A Computer Science engineer by education, Nitisha started her career in the corporate sector, before realising she wanted to work in the development and social justice space. Since then, she has worked with Teach For India and Care India and is from the founding batch of Indian School of Development Management (ISDM), a one of its kind organisation creating leaders for the development sector through its experiential learning post graduate program.

As a Youth Ki Awaaz Menstrual Health Fellow, Nitisha has started Let’s Talk Period, a campaign to mobilise young people to switch to sustainable period products. She says, “80 lakh women in Delhi use non-biodegradable sanitary products, generate 3000 tonnes of menstrual waste, that takes 500-800 years to decompose; which in turn contributes to the health issues of all menstruators, increased burden of waste management on the city and harmful living environment for all citizens.

Let’s Talk Period aims to change this by

Find out more about her campaign here.

Share your details to download the report.

We promise not to spam or send irrelevant information.

A former Assistant Secretary with the Ministry of Women and Child Development in West Bengal for three months, Lakshmi Bhavya has been championing the cause of menstrual hygiene in her district. By associating herself with the Lalana Campaign, a holistic menstrual hygiene awareness campaign which is conducted by the Anahat NGO, Lakshmi has been slowly breaking taboos when it comes to periods and menstrual hygiene.

A Gender Rights Activist working with the tribal and marginalized communities in india, Srilekha is a PhD scholar working on understanding body and sexuality among tribal girls, to fill the gaps in research around indigenous women and their stories. Srilekha has worked extensively at the grassroots level with community based organisations, through several advocacy initiatives around Gender, Mental Health, Menstrual Hygiene and Sexual and Reproductive Health Rights (SRHR) for the indigenous in Jharkhand, over the last 6 years.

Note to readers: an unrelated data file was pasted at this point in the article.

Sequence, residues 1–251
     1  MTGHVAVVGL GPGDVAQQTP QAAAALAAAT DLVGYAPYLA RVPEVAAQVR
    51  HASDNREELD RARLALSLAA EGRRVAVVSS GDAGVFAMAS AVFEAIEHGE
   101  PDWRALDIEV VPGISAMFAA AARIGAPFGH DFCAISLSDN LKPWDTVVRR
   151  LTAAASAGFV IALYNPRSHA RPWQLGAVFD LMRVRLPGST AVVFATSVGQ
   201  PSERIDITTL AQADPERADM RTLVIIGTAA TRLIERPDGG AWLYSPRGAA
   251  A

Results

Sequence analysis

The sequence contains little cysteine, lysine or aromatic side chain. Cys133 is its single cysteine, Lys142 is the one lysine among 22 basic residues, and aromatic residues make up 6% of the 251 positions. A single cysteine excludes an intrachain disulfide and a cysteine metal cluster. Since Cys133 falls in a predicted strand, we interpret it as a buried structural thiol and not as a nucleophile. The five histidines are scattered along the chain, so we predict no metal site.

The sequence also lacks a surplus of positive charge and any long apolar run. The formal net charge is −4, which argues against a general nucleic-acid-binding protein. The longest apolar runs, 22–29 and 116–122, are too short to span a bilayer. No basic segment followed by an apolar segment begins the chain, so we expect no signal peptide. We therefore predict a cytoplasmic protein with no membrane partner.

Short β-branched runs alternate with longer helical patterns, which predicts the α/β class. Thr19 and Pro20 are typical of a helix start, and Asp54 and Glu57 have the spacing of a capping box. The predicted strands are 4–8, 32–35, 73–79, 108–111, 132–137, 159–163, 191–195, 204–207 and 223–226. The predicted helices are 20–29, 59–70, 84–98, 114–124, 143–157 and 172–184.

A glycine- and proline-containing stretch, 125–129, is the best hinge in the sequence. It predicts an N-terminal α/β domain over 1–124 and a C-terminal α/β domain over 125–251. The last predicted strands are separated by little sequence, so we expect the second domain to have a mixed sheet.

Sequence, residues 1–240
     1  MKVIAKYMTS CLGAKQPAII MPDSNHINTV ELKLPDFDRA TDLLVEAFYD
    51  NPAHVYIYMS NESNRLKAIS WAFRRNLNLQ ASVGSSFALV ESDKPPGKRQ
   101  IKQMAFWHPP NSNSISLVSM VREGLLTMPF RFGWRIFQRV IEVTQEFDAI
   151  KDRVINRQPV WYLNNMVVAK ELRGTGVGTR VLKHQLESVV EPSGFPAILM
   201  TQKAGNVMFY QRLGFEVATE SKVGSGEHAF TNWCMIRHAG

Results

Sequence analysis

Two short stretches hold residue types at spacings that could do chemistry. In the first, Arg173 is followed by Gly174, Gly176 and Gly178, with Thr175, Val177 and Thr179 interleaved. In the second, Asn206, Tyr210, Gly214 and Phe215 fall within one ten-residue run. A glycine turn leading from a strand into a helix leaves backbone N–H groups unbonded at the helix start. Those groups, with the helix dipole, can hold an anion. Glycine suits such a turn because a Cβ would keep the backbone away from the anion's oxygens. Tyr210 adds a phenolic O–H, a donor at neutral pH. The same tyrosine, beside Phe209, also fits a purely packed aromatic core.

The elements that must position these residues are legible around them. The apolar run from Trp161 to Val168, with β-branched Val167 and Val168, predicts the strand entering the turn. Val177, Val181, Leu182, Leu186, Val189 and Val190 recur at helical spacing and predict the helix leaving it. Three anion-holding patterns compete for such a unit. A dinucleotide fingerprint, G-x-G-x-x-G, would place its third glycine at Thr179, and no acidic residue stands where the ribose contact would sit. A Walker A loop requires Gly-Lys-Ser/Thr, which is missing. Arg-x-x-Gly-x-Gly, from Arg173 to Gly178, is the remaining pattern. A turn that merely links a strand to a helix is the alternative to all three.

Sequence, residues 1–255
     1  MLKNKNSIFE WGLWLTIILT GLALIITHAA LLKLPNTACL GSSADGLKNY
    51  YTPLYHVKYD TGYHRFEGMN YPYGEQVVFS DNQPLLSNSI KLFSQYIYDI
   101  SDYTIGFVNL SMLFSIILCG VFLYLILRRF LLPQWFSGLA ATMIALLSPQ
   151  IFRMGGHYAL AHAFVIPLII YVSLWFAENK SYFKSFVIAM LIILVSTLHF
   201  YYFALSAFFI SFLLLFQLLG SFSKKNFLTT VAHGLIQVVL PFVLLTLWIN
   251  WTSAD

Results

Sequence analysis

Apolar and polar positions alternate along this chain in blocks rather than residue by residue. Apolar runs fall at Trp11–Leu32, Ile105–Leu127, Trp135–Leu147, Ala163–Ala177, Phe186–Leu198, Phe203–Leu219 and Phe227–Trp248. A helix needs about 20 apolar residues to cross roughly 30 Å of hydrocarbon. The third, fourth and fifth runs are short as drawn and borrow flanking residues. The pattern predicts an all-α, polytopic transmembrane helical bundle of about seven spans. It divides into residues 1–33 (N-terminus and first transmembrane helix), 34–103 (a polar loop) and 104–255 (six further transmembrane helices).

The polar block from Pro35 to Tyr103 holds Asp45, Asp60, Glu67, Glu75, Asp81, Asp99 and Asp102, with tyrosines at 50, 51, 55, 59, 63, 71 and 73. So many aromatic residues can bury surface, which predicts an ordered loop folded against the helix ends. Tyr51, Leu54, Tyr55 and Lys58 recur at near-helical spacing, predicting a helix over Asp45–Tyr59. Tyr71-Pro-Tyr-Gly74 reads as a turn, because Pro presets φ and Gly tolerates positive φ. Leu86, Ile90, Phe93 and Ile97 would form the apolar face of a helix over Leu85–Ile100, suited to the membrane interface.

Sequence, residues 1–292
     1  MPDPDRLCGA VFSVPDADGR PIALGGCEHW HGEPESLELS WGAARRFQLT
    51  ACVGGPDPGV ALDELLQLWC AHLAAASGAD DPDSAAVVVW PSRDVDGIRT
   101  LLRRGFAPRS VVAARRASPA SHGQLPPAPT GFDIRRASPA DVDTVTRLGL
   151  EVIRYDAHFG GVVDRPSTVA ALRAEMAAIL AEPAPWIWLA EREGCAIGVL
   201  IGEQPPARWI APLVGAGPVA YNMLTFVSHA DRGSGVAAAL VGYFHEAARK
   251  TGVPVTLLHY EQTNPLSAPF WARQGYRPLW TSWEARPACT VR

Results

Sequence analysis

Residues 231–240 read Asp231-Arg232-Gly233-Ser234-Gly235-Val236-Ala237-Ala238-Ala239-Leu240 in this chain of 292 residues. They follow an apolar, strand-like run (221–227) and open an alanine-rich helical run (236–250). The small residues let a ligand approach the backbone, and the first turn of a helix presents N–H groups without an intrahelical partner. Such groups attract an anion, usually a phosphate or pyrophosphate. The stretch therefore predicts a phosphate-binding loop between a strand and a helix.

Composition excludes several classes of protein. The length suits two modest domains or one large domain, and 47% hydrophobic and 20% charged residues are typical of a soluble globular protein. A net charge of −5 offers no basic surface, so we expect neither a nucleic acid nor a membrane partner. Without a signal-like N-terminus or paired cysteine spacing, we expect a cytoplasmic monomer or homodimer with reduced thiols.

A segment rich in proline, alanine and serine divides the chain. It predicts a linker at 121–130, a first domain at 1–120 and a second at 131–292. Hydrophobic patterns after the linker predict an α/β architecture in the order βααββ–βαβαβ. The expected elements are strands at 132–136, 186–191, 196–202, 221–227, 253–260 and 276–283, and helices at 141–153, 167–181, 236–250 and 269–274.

Srilekha has also contributed to sustainable livelihood projects and legal aid programs for survivors of sex trafficking. She has been conducting research based programs on maternal health, mental health, gender based violence, sex and sexuality. Her interest lies in conducting workshops for young people on life skills, feminism, gender and sexuality, trauma, resilience and interpersonal relationships.

A Guwahati-based college student pursuing her Masters in Tata Institute of Social Sciences, Bidisha started the #BleedwithDignity campaign on the technology platform, demanding that the Government of Assam install
biodegradable sanitary pad vending machines in all government schools across the state. Her petition on has already gathered support from over 90000 people and continues to grow.

Bidisha was selected in’s flagship program ‘She Creates Change’ having run successful online advocacy
campaigns, which were widely recognised. Through the #BleedwithDignity campaign; she organised and celebrated World Menstrual Hygiene Day, 2019 in Guwahati, Assam by hosting a wall mural by collaborating with local organisations. The initiative was widely covered by national and local media, and the mural was later inaugurated by the event’s chief guest Commissioner of Guwahati Municipal Corporation (GMC) Debeswar Malakar, IAS.

Sign up for the Youth Ki Awaaz Prime Ministerial Brief below